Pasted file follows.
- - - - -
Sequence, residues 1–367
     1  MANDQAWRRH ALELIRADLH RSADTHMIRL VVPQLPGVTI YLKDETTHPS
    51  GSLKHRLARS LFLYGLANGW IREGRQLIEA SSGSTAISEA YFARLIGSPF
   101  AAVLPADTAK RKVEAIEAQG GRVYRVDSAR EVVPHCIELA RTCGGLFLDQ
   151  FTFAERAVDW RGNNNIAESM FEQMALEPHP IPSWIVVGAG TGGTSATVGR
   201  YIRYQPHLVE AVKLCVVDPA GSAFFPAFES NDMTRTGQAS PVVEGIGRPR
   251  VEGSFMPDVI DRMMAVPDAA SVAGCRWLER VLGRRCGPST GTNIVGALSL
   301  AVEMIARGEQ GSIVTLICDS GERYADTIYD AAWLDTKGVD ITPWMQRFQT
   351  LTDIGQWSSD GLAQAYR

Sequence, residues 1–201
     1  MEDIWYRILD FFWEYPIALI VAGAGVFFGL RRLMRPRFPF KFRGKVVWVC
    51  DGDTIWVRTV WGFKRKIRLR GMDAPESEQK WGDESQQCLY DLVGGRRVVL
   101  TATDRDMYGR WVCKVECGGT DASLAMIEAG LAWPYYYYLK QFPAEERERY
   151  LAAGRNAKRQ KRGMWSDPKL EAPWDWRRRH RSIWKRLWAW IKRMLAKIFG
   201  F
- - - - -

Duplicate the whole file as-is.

Sequence, residues 1–367
     1  MANDQAWRRH ALELIRADLH RSADTHMIRL VVPQLPGVTI YLKDETTHPS
    51  GSLKHRLARS LFLYGLANGW IREGRQLIEA SSGSTAISEA YFARLIGSPF
   101  AAVLPADTAK RKVEAIEAQG GRVYRVDSAR EVVPHCIELA RTCGGLFLDQ
   151  FTFAERAVDW RGNNNIAESM FEQMALEPHP IPSWIVVGAG TGGTSATVGR
   201  YIRYQPHLVE AVKLCVVDPA GSAFFPAFES NDMTRTGQAS PVVEGIGRPR
   251  VEGSFMPDVI DRMMAVPDAA SVAGCRWLER VLGRRCGPST GTNIVGALSL
   301  AVEMIARGEQ GSIVTLICDS GERYADTIYD AAWLDTKGVD ITPWMQRFQT
   351  LTDIGQWSSD GLAQAYR

Sequence, residues 1–201
     1  MEDIWYRILD FFWEYPIALI VAGAGVFFGL RRLMRPRFPF KFRGKVVWVC
    51  DGDTIWVRTV WGFKRKIRLR GMDAPESEQK WGDESQQCLY DLVGGRRVVL
   101  TATDRDMYGR WVCKVECGGT DASLAMIEAG LAWPYYYYLK QFPAEERERY
   151  LAAGRNAKRQ KRGMWSDPKL EAPWDWRRRH RSIWKRLWAW IKRMLAKIFG
   201  F